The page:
-- Cartoon from the New Yorker, July 1993
"Facebook makes cyberspace more like the real world: dull but civilized. The masked-ball period of the Internet is ending. Where people once led double lives, real and virtual, now they lead single ones again."
Time magazine, Dec. 15, 2010
-- "Person of the Year 2010: Mark Zuckerberg"
The turn of the year is a traditional opportunity for introspection, taking stock, looking back and looking forward. In this medium, I tend toward what I call "bloggy navel-gazing" -- reflections on what this Elvis Sightings enterprise means for me (and about me) as Joy's mother, JoyMama. Of course the blog is framed around Joy herself, but she's not the one with the words to speak for herself. Someday, someday! but till then, I'm afraid that most of what you're getting here is me.
The other evening JoyDad and I had a holiday date-night, dinner and a movie thanks to the babysitting team of Grandma Joy and GrandpaJ. Our movie of choice was The Social Network, a fictionalized account of the founding of the wildly-popular online social-network known as Facebook. Well-paced show, zingy dialog, compellingly plotted, the two hours flew by! The lead character, Mark Zuckerberg, co-founder and billionaire CEO of Facebook, was a geeky Harvard undergrad when he launched the first version of Facebook in 2003. While Facebook was a student-members-only operation for its first three years, in 2006 it expanded to anyone over the age of 13. Facebook now boasts over 500 million users worldwide, most of us under our "real names" -- because much of the point for Facebook users is that you want your friends and acquaintances to be able to find you.
The movie took as its frame the real-life legal battles over Facebook's origins, but played very fast-and-loose with Zuckerberg's character. To hear the movie tell it, the core motivation for the creation of Facebook had to do with Zuckerberg's inability to hold onto a certain girlfriend (or any other friends), as well as a desire to belong to Harvard's exclusive social circle. According to the Time article, however, Zuckerberg is still together with his Harvard girlfriend, and has devoted friends as well as a strong family, and founded Facebook because it was just such a cool thing to do!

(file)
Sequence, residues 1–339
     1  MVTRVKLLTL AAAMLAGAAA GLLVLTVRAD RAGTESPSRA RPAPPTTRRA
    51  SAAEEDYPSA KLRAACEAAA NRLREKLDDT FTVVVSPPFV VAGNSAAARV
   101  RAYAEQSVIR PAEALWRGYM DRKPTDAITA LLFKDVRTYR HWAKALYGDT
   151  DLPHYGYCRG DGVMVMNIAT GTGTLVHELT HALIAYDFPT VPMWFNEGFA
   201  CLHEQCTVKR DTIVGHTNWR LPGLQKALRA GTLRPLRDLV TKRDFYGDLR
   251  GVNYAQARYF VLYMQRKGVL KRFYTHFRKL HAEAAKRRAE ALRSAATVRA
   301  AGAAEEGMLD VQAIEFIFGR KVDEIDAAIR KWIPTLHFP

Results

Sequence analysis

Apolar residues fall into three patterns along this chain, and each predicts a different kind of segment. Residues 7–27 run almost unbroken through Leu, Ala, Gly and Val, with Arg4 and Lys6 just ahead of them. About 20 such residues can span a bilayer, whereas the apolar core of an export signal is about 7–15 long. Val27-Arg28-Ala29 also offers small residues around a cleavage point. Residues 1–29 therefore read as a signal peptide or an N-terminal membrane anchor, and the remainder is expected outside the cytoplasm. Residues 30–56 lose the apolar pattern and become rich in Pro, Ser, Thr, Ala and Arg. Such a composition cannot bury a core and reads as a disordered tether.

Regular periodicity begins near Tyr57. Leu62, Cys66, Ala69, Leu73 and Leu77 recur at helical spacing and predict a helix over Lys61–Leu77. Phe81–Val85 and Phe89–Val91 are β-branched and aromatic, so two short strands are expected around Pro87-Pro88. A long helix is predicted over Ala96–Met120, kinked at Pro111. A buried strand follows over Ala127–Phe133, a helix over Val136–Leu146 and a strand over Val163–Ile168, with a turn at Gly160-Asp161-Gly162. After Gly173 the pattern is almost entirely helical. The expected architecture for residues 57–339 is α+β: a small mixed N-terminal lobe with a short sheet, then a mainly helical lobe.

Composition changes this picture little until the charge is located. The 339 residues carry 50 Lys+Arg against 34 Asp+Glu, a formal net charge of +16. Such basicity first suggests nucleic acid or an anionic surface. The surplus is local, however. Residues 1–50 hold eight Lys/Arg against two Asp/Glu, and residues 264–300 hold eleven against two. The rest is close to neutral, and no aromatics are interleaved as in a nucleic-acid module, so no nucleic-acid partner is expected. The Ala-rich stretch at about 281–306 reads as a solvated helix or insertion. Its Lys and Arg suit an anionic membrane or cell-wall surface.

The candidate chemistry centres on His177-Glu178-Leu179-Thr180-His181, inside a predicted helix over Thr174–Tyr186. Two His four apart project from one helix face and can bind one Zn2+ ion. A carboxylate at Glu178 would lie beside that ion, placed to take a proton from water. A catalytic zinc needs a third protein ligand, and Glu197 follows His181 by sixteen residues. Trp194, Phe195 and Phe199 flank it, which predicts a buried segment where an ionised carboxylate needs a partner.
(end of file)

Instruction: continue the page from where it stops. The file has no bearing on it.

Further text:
The dance between real-name identity and pseudonymous identity has been of interest to me since I first started Elvis Sightings under the pseudonym JoyMama. At the time, I'd say that maybe half the autism-parent blogs I followed were under pseudonyms. About a year ago, there was even a cluster of three or so blogs that had started out with real-names and then made a retroactive switch to pseudonyms.
But lately it feels like there's a trend toward blogging under real-names. The new bloggers I've been adding to my list are predominantly real-name bloggers. I'm also one of very-very few contributors to The Thinking Person's Guide to Autism to contribute under a pseudonym.
I'm mostly happy with staying pseudonymous. For Joy's protection and my own, I don't want my real name to be too easy to connect to the blog, particularly since it's an unusual enough name that pretty much all the Google hits on it are really me -- and I've been leaving trace-able real-name trails online since about the time of that New Yorker cartoon. (Unlike a fellow I once met who shares a name with a world-famous Olympic athlete, who commented that he could post anything he wanted under his real name because it gets buried under famous search results!) But many of you knew my real name before you visited this blog, and I've shared it with others who have become bloggy friends.
Here's where I think the dance gets interesting. In general, I think that people tend to equate online anonymity with inauthenticity. After all, on the Internet nobody knows you're a dog! You can create any identity you want for yourself under a pseudonym -- or say awful things without having to own the consequences in real life, if so you choose.
On the other hand, face-to-face communication isn't free of identity-creation either. We make choices all the time about which of our thoughts we want to share, how we want to present ourselves, what face we want to show the world. And, as a recurring pseudonymous presence, JoyMama has to own what is said on Elvis Sightings and in comments on other blogs. I can't hit-and-run under my established pseudonym, not that I'd want to!
JoyMama is me. My reflections here have a great deal to do with my identity, even if they don't have my real name directly attached. In fact, readers can learn a lot more about the real me on this blog than through occasional casual face-to-face encounters -- or, for that matter, than by reading my real-name Facebook status updates. I wonder if that's maybe the best of both worlds: the protection (and fun!) of the masked-ball that the Internet can be, yet also the authenticity of a real-person identity, firmly attached to the pseudonym.
That identity is not a static entity. Joy is a work-in-progress, JoyMama is a work-in-progress, so are Rose and JoyDad... and all of you. I expect Joy and myself to be life-long learners, and I'm looking forward to blogging about what we learn in 2011.
If you'd like to get updates on our ongoing Elvis Sightings evolution via Facebook, you can click on the "Like" button in the right-hand sidebar. Be advised, though: it won't help you figure out my real name, but it will (probably) give me yours!
Happy New Year!